First of all, did anyone actually see this movie? (it's from 2000, according to IMDB) Well, I rented it recently, and...
I'll just get into the most striking questions here, as I certainly don't want to see this movie a second time to examine it any deeper. [img]/phpBB/images/smiles/icon_wink.gif[/img]
1) The protagonist's spaceship is hit by what seems to be debris off a comet's tail. While I won't question now a)why they were travelling at such a low speed so close to a solar system at that time and b)why the hull plating, though it could seemingly survive a re-entry at some wierd angle, did not stop them (yes, i know even grains of dust can leave huge craters at those velocities), the protagonists call it a "stray meteor" later. I spare you the meteor bit, but "stray"?
2)The ship is crashing on a conveniently near planet (why it is crashing in the first place is not questioned here, though it is a major plothole). Although it has about the same aerodynamics as a brick, they eventually manage to slow it down by jettisoning half of their ship and using airbrakes. Hmm. Anybody else got a problem with this? (I still don't know how they even managed through the atmosphere with holes in their hull and at what looked like almost a right angle...)
3)They discover they are on a planet which is apparently in a trinary solar system, with two reddish twin suns orbiting a bright blue sun (or the like). They claim that because of this, it's never night on the planet (You see this all very graphically on a toy planetarium in an abandoned mining colony, so I'm not assuming anything here). Actually, that would mean the planet is not orbiting any of these suns at all, but would have to stay in between the suns at all times. Hmm.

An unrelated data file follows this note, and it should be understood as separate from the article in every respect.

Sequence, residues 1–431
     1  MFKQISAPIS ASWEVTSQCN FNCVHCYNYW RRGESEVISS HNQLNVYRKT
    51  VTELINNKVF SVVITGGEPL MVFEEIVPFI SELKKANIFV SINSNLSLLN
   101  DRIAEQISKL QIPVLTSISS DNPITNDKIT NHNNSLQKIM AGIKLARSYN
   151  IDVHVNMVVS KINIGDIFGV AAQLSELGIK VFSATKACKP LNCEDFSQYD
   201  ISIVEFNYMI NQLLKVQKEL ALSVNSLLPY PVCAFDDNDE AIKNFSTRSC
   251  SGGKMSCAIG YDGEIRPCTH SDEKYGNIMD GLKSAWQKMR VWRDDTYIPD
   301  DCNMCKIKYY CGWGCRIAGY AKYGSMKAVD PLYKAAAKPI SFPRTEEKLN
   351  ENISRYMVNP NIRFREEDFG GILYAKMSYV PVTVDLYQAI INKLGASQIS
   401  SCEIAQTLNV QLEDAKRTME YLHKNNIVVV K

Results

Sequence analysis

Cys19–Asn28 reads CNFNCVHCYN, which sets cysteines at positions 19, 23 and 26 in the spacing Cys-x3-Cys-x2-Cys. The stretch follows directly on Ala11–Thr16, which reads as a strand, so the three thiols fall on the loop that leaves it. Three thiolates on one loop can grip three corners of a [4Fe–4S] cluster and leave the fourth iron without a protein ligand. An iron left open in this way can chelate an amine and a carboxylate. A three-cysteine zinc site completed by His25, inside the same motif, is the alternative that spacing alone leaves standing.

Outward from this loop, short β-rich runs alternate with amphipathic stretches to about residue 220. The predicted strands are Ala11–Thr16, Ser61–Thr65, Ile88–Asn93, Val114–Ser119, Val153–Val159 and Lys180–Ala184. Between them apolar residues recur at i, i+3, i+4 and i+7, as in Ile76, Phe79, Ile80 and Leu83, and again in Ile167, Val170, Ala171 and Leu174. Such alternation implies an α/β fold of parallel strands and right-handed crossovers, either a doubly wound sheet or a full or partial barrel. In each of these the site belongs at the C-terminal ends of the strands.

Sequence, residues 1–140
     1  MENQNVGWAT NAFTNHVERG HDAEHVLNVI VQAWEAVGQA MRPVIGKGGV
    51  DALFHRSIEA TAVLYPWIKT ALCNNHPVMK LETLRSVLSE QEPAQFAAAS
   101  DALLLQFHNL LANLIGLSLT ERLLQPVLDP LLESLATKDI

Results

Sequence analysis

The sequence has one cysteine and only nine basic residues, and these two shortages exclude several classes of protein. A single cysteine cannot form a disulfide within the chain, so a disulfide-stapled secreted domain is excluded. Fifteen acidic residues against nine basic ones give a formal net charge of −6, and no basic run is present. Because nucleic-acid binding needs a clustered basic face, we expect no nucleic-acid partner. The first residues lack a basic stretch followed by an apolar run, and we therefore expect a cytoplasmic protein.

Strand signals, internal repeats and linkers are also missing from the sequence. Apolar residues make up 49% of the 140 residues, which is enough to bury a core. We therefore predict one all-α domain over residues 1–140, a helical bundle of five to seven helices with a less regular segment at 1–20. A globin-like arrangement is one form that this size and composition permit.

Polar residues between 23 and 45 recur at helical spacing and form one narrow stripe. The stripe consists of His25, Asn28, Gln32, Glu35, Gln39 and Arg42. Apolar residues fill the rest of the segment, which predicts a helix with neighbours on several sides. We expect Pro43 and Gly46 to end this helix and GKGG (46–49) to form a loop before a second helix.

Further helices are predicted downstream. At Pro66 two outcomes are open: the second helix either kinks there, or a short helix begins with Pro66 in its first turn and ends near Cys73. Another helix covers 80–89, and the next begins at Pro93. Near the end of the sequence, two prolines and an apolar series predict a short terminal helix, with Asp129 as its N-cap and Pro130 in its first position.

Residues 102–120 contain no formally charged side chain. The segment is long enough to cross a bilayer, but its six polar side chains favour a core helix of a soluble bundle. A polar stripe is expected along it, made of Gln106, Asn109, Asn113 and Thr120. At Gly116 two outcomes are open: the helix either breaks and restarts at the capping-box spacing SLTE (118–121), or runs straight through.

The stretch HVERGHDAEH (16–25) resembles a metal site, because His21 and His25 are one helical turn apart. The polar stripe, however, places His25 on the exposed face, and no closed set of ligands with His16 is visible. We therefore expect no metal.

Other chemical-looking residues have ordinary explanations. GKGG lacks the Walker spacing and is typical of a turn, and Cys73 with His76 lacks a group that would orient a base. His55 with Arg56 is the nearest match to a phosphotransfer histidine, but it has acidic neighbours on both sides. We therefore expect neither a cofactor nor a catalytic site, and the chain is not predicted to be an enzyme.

4)While we could still assume this as true, there is the matter of another planet - a Saturn-like ringed giant, which is so close to the other planet that you could assume the smaller to be a moon of the bigger one. This planet is the reason that every 22 years, when the blue sun has set, the two reddish suns go into eclipse behind it. And, as the two planets are "moving as one", this eclipse is said to last quite long.
Now, we see the red suns setting and the blue sun coming up before, so the day cycle can't really be so long that one spot on the planet can be in shade for that long (or I'm just too lazy to think up other scenarios where this is possible). Also, for such a wierd system, 22 years seem quite long a time for this to happen...
But let's stop this. Only one more point that I really found ugly:
5)When the red suns go into eclipse, you see the big planet rise on the horizon. Not only it looks huge, it's also darker than the rest of the sky, and the rings are clearly visible as the suns are shaded by them.
Hm... I never saw a dark moon rising in the sky... and though I have seen a total eclipse, I never saw the whole disk of the moon unless it was completely in front of the sun. I could assume you can see the planet as it is being lit by the other sun, but it is clearly much darker than the rest of the sky, and this is just Bad.
I guess I should stop this now... if anybody has anything to add, I left quite a bit of other questions that popped up during the movie. Those were just the ones that hurt the most.